“Denzel Mims” and “sure thing” never belonged with one another in the first place.

Final Denzel Mims thoughts

Would it be nice to see Denzel Mims tearing it up and Mossing folks on the sideline? Sure. That’s always the plan when a general manager selects a talented wideout in the second round.

There’s just one little problem: “Nice” is rarely the outcome—even for established football programs.

It’s why culture and process are constantly preached in Florham Park, NJ. Douglas, similar to each NFL general manager, knows full well the majority of his draft picks won’t work out. Just glance at Bill Belichick’s draft history to understand that.

Some teams draft better than others. More critically, all established football programs in this league produce good players (via draft or free agency) by way of the correct process.

Right now, Denzel Mims is going through that process. Whether or not it works out for him and the New York Jets remains to be seen.

Also, right now, this organization, the very one that starved for wide receivers this time last year, actually employs the depth required to make Zach Wilson’s life much easier—and Denzel Mims’s current struggles should help convey that fact.

Relax and allow the team and the kid to go through the process together. Wide receiver should be the least of the fans’ concerns right now.

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2 years ago

Great outlook here, the idea that every player can be judged on one or two seasons is “McDonald’s, get it now” thinking. I LOVE Mims, we always knew he would need time to adjust as a pro, so what happened? COVID, no practice, HORRIBLE or I should use the buzz word of 2020, “generationally” bad coaching, injuries, a second offensive system, and illness. Ok, so Mims isn’t so good that he can overcome that in two or three months, let him develop and as Robby mentions in this article thank our lucky stars we aren’t relying on practice squad and waiver wire picks ups while he gets up to speed.

2 years ago

What I don’t understand is why people don’t get that JD took Mims based on what Gase was probably looking for in a wr at that time. Why would people think that Mims should fit this coaching staff’s profile for a wide receiver? Compare Mims and all the WRs brought in, totally different sides of the spectrum. As most fans are, I hope that the coaching staff can bring this 6’3″, 4.3 speed wr along but I’m not surprised he’s not playing as much. People should really read that article by Andrew on why Mims is buried on the depth chart. Makes total sense. Just on the highlighted routes (which I’m sure is just a fraction of the playbook) there are so many variations on how a route needs to be ran by the WRs. If Mims can’t figure out the little nuances of this scheme, I wouldn’t want him out there either. Yes the argument could be that he run the go or deep post but what’s the point in that? If teams know that he’s only coming in on deep posts or go routes, the offense becomes predictable and thus stale.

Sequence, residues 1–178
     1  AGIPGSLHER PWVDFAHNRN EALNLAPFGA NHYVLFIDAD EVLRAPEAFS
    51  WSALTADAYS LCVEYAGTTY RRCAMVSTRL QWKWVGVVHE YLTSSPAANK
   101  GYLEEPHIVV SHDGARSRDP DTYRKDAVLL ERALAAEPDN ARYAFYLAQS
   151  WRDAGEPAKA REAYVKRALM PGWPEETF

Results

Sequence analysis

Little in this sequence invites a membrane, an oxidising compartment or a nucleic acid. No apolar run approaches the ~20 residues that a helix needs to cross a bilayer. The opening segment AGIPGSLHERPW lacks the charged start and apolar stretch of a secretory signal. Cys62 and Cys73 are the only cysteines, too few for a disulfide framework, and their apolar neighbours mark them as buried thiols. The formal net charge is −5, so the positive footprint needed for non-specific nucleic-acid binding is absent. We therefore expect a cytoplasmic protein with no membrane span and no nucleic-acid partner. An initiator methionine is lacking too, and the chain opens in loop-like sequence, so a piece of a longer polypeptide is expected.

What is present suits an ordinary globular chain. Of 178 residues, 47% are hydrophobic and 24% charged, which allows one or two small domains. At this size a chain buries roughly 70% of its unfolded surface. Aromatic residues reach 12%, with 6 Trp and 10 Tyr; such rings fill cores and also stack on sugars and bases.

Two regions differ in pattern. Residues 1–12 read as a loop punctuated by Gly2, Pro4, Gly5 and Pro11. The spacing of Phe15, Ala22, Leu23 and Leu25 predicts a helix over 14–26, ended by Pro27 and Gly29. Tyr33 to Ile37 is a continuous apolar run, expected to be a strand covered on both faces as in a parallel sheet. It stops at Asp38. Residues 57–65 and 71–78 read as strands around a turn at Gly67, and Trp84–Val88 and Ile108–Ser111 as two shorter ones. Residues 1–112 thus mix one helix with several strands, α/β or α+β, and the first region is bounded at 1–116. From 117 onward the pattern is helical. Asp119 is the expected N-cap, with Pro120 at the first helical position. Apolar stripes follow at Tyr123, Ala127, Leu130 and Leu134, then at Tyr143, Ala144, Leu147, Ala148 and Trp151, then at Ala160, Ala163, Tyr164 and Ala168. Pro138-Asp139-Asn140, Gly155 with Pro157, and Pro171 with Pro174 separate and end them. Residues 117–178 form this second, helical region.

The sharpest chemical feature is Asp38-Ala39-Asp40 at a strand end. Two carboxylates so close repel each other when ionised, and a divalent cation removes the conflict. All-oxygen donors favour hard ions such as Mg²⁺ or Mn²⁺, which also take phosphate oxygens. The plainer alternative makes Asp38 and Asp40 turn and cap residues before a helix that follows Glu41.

2 years ago
Reply to  DapperJet

Mims is tall, fast, has good hands, and can block effectively. There hasn’t been an NFL offensive system invented for which his physical traits would not be an asset.

As for the mental side and his alleged inability to learn the offense, I am very disappointed if that is truly what is holding up him from playing. But I’m going to need a lot more evidence before I simply assume that Mims is lazy and is not doing what is necessary to learn the system.

I think it is fair to question whether the coaching staff has done what they need to do to teach Mims the position. Remember LaFleur is a first time OC and Miles Austin is a first time WR coach. If Mims is still struggling to understand the system after Week 1 then I think you have to ask whether part of the problem is poor position coaching.

David Aron
2 years ago

I guess I’ll present my anti-perspective.